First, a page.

Those earliest formal policies built on the earliest attempt at international maritime law. According to Medieval Maritime Law from Oléron to Wisby: Jurisdictions in the Law of the Sea by Edda Frankot (University of Groningen/University of Aberdeen), “the most famous medieval sea laws are probably the Rôles d’Oléron (or Jugemens de la mer [Judgments of the Sea]), which are named after a small island off the coast of the medieval duchy of Aquitaine.” They are also known as The Rolls of Oleron.

“They were drawn up in French in or shortly before 1286 and contain regulations for the wine trade from Brittany and Normandy to England, Scotland and Flanders,” Frankot wrote. “The two oldest extant manuscripts containing the Rôles, both from the early 14th century, are of English origin. A mention of the laws in a report written in the 12th year of Edward III’s reign (1329) confirms that the laws were in use in England in the first half of the 14th century. In France, the Rôles d’Oléron had been adopted as the official sea law by 1364.”

If any ship, or other vessel, by any casualty or misfortune happens to be wrecked and perish, in that case, the pieces of the hulk of the vessel, as well as the lading thereof, ought to be reserved and kept in safety for them to whom it belonged before such disaster happened, notwithstanding any custom to the contrary. — The Rules of Oleron (c. 1266) Article XLVI, according to the Admiralty and Maritime Law Guide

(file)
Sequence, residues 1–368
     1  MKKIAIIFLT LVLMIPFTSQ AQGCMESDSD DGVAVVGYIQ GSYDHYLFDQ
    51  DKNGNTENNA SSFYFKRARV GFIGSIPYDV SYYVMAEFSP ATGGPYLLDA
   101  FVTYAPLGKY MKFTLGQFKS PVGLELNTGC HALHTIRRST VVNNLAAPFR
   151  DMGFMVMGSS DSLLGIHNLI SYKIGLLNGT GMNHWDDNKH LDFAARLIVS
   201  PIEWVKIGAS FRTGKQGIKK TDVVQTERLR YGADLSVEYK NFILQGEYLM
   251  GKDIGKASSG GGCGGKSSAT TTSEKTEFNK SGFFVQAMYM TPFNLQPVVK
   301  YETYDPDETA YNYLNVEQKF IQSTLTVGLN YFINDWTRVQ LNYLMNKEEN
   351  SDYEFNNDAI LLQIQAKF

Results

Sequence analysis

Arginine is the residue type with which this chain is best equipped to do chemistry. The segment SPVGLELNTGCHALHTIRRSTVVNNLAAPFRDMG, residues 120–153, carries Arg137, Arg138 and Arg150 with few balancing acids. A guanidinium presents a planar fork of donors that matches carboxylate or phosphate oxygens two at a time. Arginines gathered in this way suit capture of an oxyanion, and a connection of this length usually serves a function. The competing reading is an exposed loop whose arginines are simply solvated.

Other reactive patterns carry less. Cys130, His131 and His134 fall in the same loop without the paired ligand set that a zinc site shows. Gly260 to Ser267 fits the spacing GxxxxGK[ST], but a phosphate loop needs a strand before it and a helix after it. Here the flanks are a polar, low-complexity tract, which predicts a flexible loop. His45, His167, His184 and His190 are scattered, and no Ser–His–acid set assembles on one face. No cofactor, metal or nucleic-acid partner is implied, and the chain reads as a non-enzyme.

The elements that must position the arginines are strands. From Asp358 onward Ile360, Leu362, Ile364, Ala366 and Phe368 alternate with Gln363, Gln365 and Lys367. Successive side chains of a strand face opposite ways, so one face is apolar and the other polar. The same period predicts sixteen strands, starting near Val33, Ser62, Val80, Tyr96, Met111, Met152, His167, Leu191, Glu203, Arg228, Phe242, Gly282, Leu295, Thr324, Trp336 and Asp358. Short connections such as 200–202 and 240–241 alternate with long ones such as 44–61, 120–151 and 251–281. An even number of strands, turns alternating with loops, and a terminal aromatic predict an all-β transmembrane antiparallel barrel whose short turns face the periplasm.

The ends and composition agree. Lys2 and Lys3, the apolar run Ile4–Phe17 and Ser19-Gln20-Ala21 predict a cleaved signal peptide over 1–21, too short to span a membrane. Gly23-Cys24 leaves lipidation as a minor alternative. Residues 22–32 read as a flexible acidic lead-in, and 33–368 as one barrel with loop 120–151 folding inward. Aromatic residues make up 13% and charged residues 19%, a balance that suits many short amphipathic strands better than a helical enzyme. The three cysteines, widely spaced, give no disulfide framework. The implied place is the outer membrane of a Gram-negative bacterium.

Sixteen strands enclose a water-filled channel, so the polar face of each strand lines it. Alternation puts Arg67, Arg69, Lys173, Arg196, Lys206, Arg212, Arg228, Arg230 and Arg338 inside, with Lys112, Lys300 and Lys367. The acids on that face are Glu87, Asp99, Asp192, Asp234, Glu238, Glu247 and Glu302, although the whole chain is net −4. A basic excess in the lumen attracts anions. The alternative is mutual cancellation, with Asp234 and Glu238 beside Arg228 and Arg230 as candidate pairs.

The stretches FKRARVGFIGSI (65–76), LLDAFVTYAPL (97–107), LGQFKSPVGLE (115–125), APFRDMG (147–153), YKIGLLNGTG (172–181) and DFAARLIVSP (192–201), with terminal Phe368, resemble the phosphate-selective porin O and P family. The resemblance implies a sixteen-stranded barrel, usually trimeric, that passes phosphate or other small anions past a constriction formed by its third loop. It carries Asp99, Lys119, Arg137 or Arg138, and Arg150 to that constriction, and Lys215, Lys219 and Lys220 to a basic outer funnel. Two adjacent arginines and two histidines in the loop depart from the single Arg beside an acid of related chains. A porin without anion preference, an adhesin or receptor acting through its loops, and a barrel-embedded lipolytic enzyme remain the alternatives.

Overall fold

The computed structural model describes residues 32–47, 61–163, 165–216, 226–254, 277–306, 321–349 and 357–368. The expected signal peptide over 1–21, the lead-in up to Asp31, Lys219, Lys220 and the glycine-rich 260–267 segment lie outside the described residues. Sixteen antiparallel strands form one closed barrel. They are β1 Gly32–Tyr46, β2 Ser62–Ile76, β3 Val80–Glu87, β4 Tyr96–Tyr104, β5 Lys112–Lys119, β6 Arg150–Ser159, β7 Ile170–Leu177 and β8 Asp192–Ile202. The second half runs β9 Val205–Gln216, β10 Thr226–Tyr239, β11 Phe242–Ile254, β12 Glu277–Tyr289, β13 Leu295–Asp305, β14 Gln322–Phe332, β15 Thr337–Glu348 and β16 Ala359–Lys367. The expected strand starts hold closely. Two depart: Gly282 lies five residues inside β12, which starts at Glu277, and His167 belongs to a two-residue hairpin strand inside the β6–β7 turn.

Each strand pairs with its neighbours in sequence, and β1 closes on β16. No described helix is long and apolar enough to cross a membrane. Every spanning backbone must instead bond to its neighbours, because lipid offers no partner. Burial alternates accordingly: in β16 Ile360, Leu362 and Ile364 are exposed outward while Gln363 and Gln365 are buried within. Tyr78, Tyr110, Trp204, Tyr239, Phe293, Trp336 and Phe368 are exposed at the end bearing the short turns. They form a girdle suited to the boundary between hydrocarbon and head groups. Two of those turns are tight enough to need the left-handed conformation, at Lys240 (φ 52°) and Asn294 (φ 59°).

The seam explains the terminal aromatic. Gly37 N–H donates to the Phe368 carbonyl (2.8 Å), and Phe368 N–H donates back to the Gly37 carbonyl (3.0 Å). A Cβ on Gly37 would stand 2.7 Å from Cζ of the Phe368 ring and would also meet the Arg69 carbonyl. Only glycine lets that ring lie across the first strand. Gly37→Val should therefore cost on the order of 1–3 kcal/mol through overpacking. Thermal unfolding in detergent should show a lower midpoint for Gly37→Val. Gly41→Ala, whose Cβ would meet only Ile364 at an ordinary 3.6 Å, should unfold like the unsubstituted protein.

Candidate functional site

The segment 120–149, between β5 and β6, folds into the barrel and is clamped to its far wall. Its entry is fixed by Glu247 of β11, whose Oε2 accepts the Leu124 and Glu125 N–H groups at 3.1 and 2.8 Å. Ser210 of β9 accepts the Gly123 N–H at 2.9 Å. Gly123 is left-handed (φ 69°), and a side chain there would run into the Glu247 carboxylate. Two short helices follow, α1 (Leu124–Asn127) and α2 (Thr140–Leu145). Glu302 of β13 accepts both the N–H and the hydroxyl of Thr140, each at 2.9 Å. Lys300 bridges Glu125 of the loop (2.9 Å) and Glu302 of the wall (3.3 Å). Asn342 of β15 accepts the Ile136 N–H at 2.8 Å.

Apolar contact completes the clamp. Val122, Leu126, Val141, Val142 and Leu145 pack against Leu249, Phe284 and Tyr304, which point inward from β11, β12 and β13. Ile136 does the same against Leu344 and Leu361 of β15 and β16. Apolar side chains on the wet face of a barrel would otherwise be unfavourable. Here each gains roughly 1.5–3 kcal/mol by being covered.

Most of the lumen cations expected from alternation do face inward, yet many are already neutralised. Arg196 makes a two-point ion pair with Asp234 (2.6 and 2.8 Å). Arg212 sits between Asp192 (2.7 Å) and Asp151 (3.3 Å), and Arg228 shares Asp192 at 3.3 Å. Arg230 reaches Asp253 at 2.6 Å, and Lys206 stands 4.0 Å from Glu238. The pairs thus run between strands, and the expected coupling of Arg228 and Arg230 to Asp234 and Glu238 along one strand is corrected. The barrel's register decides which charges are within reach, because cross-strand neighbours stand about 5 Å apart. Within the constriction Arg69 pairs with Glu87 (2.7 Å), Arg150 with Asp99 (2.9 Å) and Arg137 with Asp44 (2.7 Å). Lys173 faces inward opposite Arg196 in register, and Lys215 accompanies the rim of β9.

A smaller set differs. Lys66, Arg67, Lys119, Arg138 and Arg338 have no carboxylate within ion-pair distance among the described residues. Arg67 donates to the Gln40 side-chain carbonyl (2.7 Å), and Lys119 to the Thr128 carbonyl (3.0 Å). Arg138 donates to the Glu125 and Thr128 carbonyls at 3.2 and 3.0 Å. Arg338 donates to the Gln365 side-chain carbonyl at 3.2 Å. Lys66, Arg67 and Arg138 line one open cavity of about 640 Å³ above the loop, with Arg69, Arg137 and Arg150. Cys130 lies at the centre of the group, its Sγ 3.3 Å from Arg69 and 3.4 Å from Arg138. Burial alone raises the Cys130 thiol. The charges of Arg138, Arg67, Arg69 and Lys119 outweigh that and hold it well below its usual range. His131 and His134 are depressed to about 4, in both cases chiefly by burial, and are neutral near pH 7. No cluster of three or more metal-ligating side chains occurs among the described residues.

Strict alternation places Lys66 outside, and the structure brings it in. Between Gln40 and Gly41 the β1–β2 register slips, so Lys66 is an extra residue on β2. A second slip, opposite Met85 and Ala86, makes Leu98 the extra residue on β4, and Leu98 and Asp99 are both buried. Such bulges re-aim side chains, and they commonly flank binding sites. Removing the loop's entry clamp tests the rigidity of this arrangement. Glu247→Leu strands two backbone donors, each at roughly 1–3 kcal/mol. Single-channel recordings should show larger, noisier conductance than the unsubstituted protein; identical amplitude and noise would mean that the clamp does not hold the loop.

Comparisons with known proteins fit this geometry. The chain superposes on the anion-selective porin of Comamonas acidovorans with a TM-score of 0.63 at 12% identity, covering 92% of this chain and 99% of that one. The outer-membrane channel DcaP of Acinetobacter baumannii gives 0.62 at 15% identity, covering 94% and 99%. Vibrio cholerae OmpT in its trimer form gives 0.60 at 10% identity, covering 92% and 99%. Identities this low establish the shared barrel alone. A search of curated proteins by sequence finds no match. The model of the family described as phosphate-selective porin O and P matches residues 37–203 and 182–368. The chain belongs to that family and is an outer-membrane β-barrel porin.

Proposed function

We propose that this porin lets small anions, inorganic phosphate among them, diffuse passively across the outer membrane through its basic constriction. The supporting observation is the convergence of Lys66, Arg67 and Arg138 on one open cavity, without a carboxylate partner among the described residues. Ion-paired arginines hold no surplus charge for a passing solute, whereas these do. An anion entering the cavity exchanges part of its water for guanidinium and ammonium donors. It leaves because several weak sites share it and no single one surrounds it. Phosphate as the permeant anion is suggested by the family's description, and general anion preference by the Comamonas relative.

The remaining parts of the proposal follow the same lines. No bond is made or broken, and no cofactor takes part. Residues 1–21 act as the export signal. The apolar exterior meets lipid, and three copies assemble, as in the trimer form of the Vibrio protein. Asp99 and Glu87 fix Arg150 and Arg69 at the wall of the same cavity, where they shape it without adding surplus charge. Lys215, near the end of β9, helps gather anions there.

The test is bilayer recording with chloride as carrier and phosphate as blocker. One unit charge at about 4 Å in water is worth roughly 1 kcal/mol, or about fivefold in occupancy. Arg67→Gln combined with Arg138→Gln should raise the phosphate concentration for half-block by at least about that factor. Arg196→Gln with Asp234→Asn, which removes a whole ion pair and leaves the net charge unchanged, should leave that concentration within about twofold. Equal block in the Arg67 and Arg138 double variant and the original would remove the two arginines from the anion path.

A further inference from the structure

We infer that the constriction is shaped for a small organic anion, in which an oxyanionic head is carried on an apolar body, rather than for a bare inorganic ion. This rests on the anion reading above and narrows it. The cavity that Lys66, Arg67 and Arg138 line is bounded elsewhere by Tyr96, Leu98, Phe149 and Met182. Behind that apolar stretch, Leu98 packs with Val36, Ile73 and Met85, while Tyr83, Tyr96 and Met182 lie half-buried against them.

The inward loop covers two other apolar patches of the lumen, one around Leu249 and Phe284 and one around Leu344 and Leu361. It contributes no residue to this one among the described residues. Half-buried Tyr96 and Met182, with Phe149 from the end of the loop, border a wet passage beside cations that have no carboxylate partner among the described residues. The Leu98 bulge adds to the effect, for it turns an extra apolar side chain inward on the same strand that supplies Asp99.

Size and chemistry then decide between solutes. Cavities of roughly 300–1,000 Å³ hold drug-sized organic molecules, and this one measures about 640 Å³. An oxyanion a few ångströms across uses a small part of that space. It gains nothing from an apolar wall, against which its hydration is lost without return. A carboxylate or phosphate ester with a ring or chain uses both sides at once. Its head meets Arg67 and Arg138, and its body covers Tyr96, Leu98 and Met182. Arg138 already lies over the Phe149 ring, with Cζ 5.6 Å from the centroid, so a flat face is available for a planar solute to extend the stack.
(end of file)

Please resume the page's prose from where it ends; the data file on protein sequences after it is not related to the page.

There is evidence of insurance-like risk-transfer agreements from Amsterdam in 1598, Antwerp in 1555, and Barcelona in 1484. And indeed, Marine Insurance: Origins and Institutions, 1300-1850 (Adrian Leonard ed. 2016) cites a 1601 quote from Sir Francis Bacon (1561-1626) that marine insurance had existed from “time out of mind.”

While there it is happenstance that centuries-old ephemera such as stock certificates or contracts have survived to provide original source material today, court records are meticulously kept. According to Robert Merkin et al., Marine Insurance Legislation (5th ed. 2014) “There are reports of marine insurance cases coming before the English courts in the 16th and 17th Centuries, and it is clear from the early cases that the courts were prepared to enforce marine policies according to their terms.”

The early concepts in marine insurance sorted first by practice, then contract, inevitably litigation, and finally legislation, included the difference between human causes and natural causes (“acts of man” or “acts of God”). Even that, which might seem to be a bright line difference, quickly got murky. A storm is obviously an act of nature, but failure to steer away from a storm, or to secure the vessel against wind and waves, are just as obviously human failings.